Does self-efficacy information improve the effects of pictorial fear labels on cigarette packages: real-life experiment

  • B. van den Putte
  • S. Mollen
  • G. Nagelhout
  • A. Dijkstra
  • E. Smit


Background. The effectiveness of scary health warning labels on cigarette packages is heavily debated. It is posited that fear arousing warnings will be effective only when self-efficacy is high. Shortly before pictorial labels were introduced in the Netherlands, we tested whether pictorial labels that combined negative health consequences with self-efficacy information were more effective. Methods: Dutch smokers (18-82 years) were randomly assigned to one of four warning label conditions: pictorial negative consequences (FEAR), pictorial self-efficacy information (SE), pictorial negative consequences and self-efficacy combined (COMBI), and textual negative consequences (TEXT). Each condition contained eight different labels. Participants were asked to put self-adhesive stickers on their own cigarette packages during four weeks. To check, they were asked six times to report the code on the stickers (368 participants passed this test). Main dependent variables were quit intention, quit attempt and cigarettes per day. ANCOVA was conducted (covariates were education, addiction, quit attempt in last year, first wave quit intention). Findings: At the last wave, results showed a main effect of condition on quit intention (p=.039) and quit attempt (p=.031), but not on number of cigarettes smoked (p=.551). Post-hoc tests showed that pictorial fear labels were more effective than textual fear labels. The SE and COMBI labels were not significantly more effective than pictorial and textual fear labels. Self-efficacy at first wave did not interact with condition effects. Discussion: Findings support the use of pictorial warning labels that concentrate on negative health consequences. Self-efficacy information did not improve the effect of warning labels.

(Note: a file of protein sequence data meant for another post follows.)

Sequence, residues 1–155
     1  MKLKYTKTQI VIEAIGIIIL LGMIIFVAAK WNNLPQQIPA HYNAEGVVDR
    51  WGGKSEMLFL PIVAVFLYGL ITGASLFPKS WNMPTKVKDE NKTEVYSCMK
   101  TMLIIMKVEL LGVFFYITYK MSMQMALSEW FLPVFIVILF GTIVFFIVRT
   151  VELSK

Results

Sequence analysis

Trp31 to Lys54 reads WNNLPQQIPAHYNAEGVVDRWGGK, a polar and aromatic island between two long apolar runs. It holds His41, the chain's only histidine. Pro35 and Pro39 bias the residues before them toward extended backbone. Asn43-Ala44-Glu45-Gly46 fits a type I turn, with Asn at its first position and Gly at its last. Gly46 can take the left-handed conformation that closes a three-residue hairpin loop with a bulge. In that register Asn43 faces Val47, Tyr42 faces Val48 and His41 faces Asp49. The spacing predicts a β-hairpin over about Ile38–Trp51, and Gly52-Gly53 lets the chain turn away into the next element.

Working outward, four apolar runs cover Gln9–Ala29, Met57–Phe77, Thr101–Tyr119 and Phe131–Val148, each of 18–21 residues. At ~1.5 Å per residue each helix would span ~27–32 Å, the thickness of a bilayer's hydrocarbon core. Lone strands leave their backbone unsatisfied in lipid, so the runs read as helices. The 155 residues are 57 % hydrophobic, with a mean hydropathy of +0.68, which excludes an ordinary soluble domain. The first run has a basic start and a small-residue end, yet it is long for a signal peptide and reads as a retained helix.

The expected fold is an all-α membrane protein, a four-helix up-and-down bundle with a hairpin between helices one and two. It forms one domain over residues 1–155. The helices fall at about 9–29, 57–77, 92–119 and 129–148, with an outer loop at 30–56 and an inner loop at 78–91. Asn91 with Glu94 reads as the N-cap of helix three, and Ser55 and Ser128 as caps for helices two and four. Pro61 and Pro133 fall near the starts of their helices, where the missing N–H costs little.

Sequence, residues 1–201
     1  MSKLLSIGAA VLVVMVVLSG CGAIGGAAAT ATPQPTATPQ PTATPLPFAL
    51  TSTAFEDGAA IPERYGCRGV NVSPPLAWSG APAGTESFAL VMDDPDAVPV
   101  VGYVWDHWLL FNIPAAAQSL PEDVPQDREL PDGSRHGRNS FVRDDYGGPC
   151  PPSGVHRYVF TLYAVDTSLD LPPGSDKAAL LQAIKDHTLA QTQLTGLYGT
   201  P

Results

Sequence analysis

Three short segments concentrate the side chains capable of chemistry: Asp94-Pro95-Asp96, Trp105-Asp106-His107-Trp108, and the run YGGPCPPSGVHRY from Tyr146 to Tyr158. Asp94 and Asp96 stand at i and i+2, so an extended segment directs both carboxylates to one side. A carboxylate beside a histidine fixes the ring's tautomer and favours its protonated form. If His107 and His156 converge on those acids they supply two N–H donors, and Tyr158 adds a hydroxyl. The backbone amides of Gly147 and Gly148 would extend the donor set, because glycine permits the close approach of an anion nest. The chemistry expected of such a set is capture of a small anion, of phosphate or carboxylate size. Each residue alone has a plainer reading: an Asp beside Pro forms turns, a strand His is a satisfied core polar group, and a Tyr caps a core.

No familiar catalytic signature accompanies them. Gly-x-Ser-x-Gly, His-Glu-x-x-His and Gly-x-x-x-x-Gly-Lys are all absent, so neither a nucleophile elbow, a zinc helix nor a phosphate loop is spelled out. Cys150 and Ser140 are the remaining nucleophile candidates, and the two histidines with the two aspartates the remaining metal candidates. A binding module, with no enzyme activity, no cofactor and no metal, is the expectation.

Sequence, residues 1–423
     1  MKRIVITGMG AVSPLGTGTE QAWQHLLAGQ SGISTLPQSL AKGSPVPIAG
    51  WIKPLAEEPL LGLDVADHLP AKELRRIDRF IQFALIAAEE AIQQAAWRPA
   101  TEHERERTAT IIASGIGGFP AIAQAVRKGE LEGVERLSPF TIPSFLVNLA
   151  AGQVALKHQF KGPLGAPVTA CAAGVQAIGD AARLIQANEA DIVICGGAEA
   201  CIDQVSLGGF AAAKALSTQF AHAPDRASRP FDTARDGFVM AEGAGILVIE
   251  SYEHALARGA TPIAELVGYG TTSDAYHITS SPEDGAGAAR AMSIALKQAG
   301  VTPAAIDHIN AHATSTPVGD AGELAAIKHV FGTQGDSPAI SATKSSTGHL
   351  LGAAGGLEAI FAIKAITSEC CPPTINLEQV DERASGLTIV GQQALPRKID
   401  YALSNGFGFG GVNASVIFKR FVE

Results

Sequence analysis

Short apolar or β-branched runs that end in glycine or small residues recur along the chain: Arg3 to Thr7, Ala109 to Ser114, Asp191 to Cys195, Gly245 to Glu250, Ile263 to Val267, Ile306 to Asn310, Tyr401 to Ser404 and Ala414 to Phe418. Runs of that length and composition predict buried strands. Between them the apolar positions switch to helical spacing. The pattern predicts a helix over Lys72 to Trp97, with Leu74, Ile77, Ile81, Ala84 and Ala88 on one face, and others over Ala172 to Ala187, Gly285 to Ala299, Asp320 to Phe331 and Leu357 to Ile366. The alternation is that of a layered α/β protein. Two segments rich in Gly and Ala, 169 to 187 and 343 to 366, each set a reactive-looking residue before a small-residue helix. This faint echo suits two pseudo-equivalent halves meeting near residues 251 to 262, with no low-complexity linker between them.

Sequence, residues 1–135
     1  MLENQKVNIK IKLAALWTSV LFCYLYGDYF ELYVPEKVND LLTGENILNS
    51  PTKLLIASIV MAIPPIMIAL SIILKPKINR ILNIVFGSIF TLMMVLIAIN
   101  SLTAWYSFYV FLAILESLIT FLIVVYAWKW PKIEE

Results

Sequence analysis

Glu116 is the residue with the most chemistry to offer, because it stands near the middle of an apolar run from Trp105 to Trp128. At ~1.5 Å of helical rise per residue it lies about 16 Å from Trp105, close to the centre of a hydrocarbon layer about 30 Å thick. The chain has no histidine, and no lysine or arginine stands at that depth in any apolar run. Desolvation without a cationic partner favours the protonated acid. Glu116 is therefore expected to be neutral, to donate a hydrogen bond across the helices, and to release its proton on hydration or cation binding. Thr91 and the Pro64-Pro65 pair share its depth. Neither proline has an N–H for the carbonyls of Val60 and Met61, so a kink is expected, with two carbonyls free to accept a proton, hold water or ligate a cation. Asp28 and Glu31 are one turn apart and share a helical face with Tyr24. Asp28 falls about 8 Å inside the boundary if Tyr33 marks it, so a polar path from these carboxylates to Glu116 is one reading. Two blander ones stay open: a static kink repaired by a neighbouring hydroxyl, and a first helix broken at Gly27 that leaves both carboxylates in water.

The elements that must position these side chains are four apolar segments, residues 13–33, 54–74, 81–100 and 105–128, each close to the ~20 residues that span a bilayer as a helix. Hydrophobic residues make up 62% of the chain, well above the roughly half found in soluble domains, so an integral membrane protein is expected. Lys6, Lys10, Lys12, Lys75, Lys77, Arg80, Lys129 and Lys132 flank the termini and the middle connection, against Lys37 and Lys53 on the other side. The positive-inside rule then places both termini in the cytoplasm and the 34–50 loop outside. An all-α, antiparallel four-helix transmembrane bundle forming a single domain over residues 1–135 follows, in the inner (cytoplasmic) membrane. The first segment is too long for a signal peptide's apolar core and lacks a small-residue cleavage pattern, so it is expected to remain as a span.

Oral presentations